Postmarked from "Clare" [townland 2 mi WSW of Tandragee townland]. 1 L stamp
Penciled note in another hand on the front of the envelope, presumably written by the addressee, James Finigan: "ans. [answered] July 21-1939".

Co. Armagh Ireland
July 4th 1939

Dear Mr. Finegan,

I have tried to find your people that are buried in the Co. Tyrone. I have finally located a Parish Priest that used to live at this place. I wrote to Knockeleary, but my letter came back. Then through the advice of friends I wrote to Cannon McNellis at Portadown, He came to see me last week and told me he knew the place that he was Parish Priest there for three years that he knew where the graves were that there used to be a house there that it was now fallen down that there was a man by the name of Michael James Lagan who lived on a mountainside about three miles from this cemetery. That there was no use in me going there it is sort of a wild country and he promised to do whatever you wanted him to do. I told him you were willing and glad to pay for whatever you thought best to erect as a marker for the graves. I promised to write to you and send you his address. He said he was going there the day after he came to see me and would find out more if he could. Now this is all I can tell you now. I told the Priest I would send you his address so here it is:

Rev Canon McNellis
Co. Armagh
North Ireland

From Margaret Greer
Co. Armagh
N. Ireland

(over) sic

I hope you can read this and I have tried to find out this for you. I seen by the paper your mother passed away. I'm sorry she couldn't have know[n] something that I know she wanted to know so badly. I am having a good rest here, but I'm somewhat worried about the talk of war. I think I will be informed if there is danger of a war soon. Any-way I am trying to find out yet no one knows much about it. I will hurry Home of course if there is great danger of war.

Yours very Sincerely
Margaret Greer
Photos of the Letter:
Page 1
Page 2

The Courier, Prairie du Chien, Wisconsin, June 24, 1913, page 4.
Selected portions of a much longer obituary: (click the picture for a larger view.)

Patrick LAGEN Photo Obituary 1913-sm Obituary -- Patrick Lagen. Died at his home on Michigan street, Sunday, June 14, 1913. Mr. Patrick Lagen, aged 97 years, 3 mos., and 7 days ... was born March 7, 1816, near Cookstown in the county of Tyrone, Ireland, and grew to manhood in the land of shamrocks, and at the age of twenty-four (24) he crossed the sea landing in New York in the year 1840. He saw opportunities opened before him in the mercantile trade and under the firm name of Crown & Lagen, he established himself at 17 Anthony Street in the fifth (5th) ward opening and conducting a general store. In the year of 1849 he was united in marriage to Miss Catherine Toner an old schoolmate and in the spring of that year he with his young bride decided to seek their fortune in the west, came to Wisconsin, first settling in Elba, Dodge county on a farm. After seven (7) years as a resident of Dodge county, he moved to Crawford county in 1856 and settled in Mt. Sterling becoming the owner of a fine 400-acre farm and devoted the active years of his later life to raising stock and conducting one of the best farms in that vicinity. . in 1877 at the age of 61 years he moved to the city of Prairie du Chien with his wife and two daughters, Millie and Mary, purchasing the present home on Michigan street where he spent many years in comfort. . During his residence upon American soil, his heart was ever cherishing the hope that he might live to see the land of his birth, free from the toils of the British, and that "Home Rule for Ireland" would dawn in his time. He made six [6] trips to the land of shamrocks and on one trip was six [6] weeks on the ocean, and during the great famine in Ireland he sat foot upon the soil to relieve the distress of relatives and friends. ..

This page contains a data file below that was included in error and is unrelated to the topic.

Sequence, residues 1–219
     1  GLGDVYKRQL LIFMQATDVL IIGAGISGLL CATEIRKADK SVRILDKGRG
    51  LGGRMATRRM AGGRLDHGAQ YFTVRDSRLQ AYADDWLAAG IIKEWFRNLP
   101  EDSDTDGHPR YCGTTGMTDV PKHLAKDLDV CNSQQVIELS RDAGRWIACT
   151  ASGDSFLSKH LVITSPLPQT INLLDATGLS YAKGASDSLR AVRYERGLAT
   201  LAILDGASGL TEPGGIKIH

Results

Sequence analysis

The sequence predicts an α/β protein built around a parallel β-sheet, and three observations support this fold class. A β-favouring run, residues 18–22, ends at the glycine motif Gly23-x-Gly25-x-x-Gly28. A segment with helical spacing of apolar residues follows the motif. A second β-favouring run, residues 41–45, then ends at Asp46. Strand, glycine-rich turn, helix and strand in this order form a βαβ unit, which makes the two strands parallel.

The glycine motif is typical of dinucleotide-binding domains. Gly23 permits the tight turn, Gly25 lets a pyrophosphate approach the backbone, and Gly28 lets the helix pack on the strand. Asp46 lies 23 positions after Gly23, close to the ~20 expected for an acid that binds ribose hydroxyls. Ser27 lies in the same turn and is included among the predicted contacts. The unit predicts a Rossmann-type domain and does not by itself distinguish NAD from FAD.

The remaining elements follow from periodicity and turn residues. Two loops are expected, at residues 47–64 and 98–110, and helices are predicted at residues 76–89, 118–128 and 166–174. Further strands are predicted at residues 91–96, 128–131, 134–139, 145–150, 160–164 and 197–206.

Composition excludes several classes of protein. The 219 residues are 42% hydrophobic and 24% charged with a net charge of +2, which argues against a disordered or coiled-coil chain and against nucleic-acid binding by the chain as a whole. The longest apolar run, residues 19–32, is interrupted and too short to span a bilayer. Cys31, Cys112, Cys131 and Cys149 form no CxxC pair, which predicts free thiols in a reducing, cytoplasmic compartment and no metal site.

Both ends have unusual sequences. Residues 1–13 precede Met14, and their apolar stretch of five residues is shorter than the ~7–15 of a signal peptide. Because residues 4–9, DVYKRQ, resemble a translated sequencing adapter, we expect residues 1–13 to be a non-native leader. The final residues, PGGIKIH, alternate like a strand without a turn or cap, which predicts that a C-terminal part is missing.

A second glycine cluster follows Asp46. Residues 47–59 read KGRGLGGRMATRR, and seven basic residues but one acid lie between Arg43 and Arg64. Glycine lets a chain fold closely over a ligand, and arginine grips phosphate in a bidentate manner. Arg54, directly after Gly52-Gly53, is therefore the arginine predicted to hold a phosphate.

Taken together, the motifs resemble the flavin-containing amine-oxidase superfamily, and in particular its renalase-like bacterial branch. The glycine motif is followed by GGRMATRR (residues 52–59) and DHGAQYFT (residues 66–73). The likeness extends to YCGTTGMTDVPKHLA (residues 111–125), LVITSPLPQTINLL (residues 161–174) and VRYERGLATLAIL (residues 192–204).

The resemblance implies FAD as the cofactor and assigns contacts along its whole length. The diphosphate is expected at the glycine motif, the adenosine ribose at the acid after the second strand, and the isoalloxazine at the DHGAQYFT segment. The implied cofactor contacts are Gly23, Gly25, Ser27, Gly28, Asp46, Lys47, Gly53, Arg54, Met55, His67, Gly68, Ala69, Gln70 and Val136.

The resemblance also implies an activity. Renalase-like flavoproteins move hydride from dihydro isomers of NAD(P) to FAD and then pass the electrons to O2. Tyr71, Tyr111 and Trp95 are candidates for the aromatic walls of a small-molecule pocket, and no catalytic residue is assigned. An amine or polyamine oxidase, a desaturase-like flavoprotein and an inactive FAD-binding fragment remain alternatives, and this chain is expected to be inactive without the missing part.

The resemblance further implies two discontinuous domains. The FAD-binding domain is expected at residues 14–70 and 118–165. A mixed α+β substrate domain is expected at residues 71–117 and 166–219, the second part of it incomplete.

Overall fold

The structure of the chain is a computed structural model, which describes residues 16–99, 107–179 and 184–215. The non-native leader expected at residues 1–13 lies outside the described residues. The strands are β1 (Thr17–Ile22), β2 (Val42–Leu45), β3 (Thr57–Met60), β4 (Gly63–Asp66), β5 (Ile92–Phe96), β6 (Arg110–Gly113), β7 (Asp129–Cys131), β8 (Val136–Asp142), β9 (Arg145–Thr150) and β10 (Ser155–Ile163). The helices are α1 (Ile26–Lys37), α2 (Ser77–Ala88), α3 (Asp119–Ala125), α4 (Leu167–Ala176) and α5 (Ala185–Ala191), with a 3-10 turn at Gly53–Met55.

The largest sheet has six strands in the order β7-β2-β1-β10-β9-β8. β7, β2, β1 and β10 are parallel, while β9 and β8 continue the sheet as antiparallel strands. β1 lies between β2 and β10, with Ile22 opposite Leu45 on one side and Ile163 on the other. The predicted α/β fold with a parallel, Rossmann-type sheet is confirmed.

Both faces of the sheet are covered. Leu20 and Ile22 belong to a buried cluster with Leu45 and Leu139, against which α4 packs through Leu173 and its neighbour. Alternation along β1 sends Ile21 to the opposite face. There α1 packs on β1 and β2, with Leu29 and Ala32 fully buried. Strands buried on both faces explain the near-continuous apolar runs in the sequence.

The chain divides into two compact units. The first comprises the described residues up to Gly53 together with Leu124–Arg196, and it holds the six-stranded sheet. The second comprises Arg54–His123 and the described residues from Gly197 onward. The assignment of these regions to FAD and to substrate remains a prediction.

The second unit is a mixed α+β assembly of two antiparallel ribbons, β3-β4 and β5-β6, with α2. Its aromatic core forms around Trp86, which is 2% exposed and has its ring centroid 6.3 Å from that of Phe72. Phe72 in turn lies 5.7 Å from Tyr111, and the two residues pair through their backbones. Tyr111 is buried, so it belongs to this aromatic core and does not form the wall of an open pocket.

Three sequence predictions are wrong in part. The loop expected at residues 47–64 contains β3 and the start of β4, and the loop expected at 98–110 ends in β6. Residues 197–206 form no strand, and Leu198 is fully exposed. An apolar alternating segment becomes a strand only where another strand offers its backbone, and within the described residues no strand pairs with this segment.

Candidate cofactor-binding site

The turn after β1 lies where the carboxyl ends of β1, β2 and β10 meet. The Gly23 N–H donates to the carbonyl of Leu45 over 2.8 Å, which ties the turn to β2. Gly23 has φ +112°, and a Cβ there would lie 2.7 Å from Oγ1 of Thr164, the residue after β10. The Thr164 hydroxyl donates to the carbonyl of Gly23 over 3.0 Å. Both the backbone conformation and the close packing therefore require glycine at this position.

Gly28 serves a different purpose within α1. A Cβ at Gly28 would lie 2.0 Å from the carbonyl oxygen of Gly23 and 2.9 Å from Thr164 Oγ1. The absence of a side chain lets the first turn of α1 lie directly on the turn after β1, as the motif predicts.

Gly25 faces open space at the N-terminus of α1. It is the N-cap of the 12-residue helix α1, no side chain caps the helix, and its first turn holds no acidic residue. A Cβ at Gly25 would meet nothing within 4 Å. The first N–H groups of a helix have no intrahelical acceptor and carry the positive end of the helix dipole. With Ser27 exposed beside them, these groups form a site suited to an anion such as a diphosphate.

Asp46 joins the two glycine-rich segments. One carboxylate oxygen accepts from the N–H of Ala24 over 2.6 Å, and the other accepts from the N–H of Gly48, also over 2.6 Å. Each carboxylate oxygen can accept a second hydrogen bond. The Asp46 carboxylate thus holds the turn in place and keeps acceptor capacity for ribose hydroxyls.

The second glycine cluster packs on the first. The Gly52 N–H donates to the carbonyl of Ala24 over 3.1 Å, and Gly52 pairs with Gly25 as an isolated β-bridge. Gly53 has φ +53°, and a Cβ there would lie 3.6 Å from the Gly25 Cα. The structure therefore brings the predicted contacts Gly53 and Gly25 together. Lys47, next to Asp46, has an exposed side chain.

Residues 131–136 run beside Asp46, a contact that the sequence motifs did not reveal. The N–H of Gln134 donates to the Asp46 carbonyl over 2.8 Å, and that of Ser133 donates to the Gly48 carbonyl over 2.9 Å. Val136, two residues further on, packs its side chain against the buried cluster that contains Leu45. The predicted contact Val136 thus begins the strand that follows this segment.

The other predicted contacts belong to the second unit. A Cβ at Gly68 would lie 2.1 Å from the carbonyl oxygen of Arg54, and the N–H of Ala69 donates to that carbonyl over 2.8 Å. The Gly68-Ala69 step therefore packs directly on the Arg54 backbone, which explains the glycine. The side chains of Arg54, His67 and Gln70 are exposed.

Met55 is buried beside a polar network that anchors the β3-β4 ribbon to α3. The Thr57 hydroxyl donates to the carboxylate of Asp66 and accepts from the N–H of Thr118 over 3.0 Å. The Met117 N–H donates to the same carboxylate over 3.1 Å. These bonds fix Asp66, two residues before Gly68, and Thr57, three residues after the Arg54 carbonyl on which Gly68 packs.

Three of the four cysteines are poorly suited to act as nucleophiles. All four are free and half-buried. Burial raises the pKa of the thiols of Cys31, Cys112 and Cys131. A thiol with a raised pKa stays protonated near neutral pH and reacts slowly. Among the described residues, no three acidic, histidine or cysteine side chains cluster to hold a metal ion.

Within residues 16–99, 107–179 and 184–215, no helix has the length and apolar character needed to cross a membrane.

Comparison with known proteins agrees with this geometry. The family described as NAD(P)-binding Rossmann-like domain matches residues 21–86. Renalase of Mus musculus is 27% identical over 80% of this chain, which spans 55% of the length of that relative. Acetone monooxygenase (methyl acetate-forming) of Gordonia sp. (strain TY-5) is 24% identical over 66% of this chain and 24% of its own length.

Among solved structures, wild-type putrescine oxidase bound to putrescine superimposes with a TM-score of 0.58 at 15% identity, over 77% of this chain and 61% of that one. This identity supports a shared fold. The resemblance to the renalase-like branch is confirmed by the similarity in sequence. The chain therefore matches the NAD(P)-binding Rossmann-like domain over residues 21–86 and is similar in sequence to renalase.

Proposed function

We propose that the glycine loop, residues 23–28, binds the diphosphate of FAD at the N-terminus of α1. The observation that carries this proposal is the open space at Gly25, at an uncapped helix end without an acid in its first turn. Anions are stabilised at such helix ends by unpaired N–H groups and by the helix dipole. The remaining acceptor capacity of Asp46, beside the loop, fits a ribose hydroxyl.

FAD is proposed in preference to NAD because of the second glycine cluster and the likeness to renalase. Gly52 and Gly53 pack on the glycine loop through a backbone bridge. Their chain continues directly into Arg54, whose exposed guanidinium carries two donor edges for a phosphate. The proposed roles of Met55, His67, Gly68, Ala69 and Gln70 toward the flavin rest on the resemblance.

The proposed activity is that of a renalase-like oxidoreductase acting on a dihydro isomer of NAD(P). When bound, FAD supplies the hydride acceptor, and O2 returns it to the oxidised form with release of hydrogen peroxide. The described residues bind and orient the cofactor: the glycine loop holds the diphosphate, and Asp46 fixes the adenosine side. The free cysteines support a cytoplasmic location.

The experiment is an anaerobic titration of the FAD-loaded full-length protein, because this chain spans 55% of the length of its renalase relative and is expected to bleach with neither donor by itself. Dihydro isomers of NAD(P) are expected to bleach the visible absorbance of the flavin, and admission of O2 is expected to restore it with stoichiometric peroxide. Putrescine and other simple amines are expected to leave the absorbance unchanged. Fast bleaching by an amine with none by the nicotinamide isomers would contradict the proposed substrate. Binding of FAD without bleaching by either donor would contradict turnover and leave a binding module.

Click photo for larger view